The UN Central Emergency Response Fund (CERF) has allocated USD 1 million from its "underfunded emergency" reserve to lifesaving IOM water, sanitation and hygiene projects to combat waterborne diseases at the start of Haiti's wet season.
Nearly half a million very poor Haitians still live in the sprawling tent camps where they fled immediately after the earthquake two years ago. Public health conditions are typically dire and the onset of the rains brings with it the spread of preventable, waterborne diseases, including cholera.
The exceptional UN grant is in response to a major shortfall in funding this year for water, sanitation and hygiene projects targeting Haiti's desperately poor and vulnerable January 2010 earthquake victims.
"The lack of financial resources at the disposal of the humanitarian community has been curtailing its ability to fully provide frontline services to the most vulnerable population affected by a series of shocks, including the 12 January 2010 earthquake, the cholera epidemic and food insecurity," says Philippe Verstraeten, Head of the Office for the Coordination of Humanitarian Affairs (OCHA) in Haiti.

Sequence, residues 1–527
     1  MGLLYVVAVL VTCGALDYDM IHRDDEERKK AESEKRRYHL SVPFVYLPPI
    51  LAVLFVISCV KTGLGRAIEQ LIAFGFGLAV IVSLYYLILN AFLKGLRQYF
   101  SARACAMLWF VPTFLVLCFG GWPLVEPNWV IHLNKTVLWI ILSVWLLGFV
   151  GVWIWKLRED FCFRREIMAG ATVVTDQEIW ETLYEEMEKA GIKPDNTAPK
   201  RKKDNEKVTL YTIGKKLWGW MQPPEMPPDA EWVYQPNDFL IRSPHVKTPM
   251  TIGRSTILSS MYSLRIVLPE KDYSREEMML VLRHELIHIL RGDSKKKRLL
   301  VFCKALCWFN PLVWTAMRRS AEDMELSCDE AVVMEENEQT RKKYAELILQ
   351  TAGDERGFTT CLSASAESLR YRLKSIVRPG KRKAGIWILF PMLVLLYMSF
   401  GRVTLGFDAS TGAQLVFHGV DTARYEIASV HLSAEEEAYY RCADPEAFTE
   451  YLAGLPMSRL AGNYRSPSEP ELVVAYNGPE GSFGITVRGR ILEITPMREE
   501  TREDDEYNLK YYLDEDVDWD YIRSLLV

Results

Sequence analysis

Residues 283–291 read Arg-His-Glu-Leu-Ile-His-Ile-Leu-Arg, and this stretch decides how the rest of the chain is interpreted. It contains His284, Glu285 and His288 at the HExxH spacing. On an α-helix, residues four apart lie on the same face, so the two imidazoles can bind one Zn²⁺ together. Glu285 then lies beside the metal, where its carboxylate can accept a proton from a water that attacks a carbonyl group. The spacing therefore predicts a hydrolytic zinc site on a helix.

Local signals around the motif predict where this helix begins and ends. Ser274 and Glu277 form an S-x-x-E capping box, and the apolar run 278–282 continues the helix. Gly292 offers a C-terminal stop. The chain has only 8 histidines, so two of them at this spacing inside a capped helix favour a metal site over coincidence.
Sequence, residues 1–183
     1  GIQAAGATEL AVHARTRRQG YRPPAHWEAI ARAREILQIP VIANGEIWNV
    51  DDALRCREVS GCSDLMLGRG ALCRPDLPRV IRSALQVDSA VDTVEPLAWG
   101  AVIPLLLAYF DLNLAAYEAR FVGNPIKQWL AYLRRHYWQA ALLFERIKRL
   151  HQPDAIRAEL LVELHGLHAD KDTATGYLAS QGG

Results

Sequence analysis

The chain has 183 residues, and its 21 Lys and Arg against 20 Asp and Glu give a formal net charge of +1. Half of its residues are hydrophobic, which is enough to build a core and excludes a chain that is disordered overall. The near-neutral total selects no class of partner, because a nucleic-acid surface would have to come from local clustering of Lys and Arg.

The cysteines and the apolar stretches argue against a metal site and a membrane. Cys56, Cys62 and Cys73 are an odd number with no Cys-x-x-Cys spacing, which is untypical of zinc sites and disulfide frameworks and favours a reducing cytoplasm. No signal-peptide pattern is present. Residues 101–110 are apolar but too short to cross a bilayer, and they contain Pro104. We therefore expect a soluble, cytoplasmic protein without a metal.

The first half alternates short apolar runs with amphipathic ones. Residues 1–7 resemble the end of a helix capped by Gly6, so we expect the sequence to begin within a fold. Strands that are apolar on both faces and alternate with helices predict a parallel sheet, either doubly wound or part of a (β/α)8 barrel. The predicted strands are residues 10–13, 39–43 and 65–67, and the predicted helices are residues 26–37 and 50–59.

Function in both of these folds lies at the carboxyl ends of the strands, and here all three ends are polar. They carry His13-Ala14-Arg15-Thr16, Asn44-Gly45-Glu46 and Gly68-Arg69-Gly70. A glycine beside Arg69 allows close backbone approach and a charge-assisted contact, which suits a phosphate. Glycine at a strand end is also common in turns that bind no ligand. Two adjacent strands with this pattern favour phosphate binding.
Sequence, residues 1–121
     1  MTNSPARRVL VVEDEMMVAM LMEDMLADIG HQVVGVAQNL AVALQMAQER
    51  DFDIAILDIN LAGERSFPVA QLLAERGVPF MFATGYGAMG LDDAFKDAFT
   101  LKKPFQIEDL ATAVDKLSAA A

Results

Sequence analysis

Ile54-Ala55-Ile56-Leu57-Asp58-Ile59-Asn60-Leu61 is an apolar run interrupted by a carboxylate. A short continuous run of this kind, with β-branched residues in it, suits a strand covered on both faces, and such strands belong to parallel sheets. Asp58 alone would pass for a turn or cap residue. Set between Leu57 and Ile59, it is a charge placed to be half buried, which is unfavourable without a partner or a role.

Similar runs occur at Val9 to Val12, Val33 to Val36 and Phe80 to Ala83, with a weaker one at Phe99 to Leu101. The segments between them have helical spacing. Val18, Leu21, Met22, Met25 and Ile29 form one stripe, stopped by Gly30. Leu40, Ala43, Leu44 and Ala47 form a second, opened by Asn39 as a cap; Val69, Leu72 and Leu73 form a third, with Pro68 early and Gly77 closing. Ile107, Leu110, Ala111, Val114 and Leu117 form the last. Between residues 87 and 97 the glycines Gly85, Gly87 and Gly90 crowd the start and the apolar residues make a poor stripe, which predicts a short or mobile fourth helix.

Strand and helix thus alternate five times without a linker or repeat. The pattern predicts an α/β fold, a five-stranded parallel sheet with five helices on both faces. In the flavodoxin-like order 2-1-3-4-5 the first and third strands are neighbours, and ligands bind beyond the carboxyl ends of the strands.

The new funding will help IOM to deliver basic public health services to vulnerable people in some 60 camps in and around Port-au-Prince. A minimal service will also be maintained at the Champ de Mars camp in front of the National Palace, where IOM is supporting the Government of Haiti's relocation strategy for internally displaced families.
The money will support camp water committees responsible for ensuring the availability of potable water and provision of oral rehydration solution in the event of a cholera outbreak. It will also pay for latrine maintenance and repairs to prevent contamination of the water supply.
The programme will also promote lifesaving hygiene and behaviour change among some 60,000 camp residents to prevent a resurgence of cholera. Haitians who previously worked for IOM on a voluntary basis will be re-trained and deployed to camps with a history of cholera cases to work in "Community Action Groups" to identify and respond to any outbreak.
Haiti's first cholera outbreak began in October 2010, eight months after the earthquake. It has resulted in close to half a million cases nationwide and around 7,000 deaths.
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